Last Updated on May 6, 2015, by eNotes Editorial. Word Count: 632
By the time ‘‘The Ring’’ appeared in Anecdotes of Destiny, the critical judgment on Dinesen had long since fully registered, and whatever controversy her stubborn art had earlier generated had become the mere expert background to her work. Critics who wrote about her did so mostly from a stance of approval, and those who disapproved—the ascendant Marxist school, for example—tended to ignore her. Judith Thurman in Isak Dinesen: The Life of a Storyteller (1982) summarizes the initial critical reaction in Denmark to Dinesen’s fiction this way: ‘‘Many readers were offended by Karen Blixen’s frank nostalgia for the ancien regime and by her flight from the grim realities of Danish life. There was also some resentment over the fact that she had written originally in English and had had her first success in America.’’
After the Second World War, Danish writers began to reassess their earlier commitments to social realism. A generation grew up whose work implicitly acknowledged the influence of Dinesen: both Martin A. Hansen and H. C. Branner looked to earlier centuries than the twentieth for settings which might foreground the essentials of the human condition, and both were, like Dinesen, critics of modernity. Appreciative accounts of Dinesen and her work began to appear by respected critics like Aage Hendriksen.
Critical response to Anecdotes of Destiny is perhaps best summed up by Thomas R. Wissen, who writes in Isak Dinesen’s Aesthetics (1973) that this final volume amounted to a denouement in that it ‘‘contains stories . . . which do not contribute significantly to the illustration of points she has made previously.’’ Nevertheless, says Wissen, ‘‘the tales will not disappoint . . . they conform to a fully realized aesthetic.’’ And yet critics have responded with interest to individual tales in the Anecdotes. Bruce Bassoff recognizes ‘‘The Ring’’ as an instance of Dinesen’s assertion that human beings respond to a native urge towards transcendence. Writing in 1990 in Studies in Short Fiction, Bassoff states that Lovisa ‘‘muses over her happiness’’ only to discover, through her encounter with the thief, that ‘‘life is both more and less than imagined promises.’’ More than that, in Bassoff’s reading, Lovisa’s encounter leaves her with the sobering conviction that ‘‘she is no longer free,’’ as she had earlier imagined herself. Robert Langbaum offers an interpretation in The Gayety of Vision: A Study of Isak Dinesen’s Art (1964) that suggests for the tale an underlying vampire-aesthetic: ‘‘The sexual symbolism [in the encounter] suggests that there has been a union between [Lovisa and the thief], that he has taken her spiritual, as well as her physical, virginity.’’ Yet Langbaum also claims that only in the loss of the ring is Lovisa’s ‘‘marriage to [Sigismund] fully consummated.’’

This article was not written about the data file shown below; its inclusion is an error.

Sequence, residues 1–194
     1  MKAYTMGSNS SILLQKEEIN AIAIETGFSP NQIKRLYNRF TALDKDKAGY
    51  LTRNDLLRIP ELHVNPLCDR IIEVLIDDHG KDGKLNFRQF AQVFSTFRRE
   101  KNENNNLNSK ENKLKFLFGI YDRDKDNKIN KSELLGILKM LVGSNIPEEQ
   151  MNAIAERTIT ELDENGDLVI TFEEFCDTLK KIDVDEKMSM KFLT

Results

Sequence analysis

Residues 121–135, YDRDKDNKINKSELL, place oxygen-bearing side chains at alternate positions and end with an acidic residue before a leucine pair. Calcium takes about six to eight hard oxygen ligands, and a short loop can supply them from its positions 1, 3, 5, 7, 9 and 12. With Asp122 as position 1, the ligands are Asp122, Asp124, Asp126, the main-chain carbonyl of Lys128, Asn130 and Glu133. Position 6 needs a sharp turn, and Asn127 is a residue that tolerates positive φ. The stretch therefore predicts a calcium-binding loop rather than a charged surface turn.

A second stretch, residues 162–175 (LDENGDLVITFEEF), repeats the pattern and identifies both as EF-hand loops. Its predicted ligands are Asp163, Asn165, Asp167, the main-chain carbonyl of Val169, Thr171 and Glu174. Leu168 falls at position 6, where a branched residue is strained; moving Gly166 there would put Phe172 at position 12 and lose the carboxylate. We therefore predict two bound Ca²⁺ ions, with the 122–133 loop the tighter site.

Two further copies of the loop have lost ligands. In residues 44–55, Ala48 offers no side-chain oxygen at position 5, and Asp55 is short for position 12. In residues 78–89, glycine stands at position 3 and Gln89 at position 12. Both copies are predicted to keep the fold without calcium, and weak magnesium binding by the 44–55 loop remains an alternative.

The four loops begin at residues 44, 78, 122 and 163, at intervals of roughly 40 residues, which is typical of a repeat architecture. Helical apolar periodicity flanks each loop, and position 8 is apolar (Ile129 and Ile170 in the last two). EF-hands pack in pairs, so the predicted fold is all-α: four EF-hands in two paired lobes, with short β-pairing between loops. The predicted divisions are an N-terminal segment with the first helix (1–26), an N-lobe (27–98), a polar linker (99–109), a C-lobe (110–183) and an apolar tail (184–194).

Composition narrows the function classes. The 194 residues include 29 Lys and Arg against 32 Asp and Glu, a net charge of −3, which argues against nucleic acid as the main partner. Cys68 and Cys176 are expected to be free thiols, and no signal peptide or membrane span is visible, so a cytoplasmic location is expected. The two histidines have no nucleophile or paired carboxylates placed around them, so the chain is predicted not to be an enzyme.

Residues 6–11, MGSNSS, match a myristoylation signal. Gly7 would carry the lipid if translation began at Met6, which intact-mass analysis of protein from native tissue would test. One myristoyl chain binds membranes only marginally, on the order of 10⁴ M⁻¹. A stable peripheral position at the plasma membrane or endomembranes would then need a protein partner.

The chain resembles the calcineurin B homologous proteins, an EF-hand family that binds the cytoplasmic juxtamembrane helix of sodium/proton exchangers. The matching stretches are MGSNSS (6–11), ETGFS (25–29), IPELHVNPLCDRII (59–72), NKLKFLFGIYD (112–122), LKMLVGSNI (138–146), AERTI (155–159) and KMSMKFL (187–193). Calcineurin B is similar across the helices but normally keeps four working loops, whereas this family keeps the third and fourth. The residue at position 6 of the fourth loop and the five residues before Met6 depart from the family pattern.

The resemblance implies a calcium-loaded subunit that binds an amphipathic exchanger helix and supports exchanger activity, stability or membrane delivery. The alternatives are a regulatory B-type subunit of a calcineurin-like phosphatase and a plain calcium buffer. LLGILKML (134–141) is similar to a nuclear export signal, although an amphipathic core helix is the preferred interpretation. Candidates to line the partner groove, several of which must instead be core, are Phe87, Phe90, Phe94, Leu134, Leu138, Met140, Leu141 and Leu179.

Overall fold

Janet Handler Burstein, writing in Texas Studies in Language and Literature (1978), avails herself of the contemporary critical idea of ‘‘otherness’’ to bring out what, for her, is the significance of ‘‘The Ring.’’ According to Burstein, it was Dinesen’s conviction that individual identity included ‘‘otherness’’ essentially; that which is not one’s self, which is different, as poverty is to wealth or cruelty to kindness, nevertheless forms a basic and non-negating part of every individual person. Thus ‘‘although [Lovisa] is happily married to the man she loves,’’ she nevertheless discovers, in her encounter with the thief, an opposite to her world which, in effect, completes that world. Lovisa’s consciousness, says Burstein, ‘‘is changed [and] henceforth, at the very heart of her secure and familiar world, [she] will know the ‘other’ whose alien eyes have met her own.’’ Burstein’s reading reveals an emergent trend in writing about Dinesen: feminist criticism. Yet while Dinesen was, to put it in terms of gender politics, a great female artist, she was not herself of any ‘‘progressive’’ persuasion and still less any kind of feminist.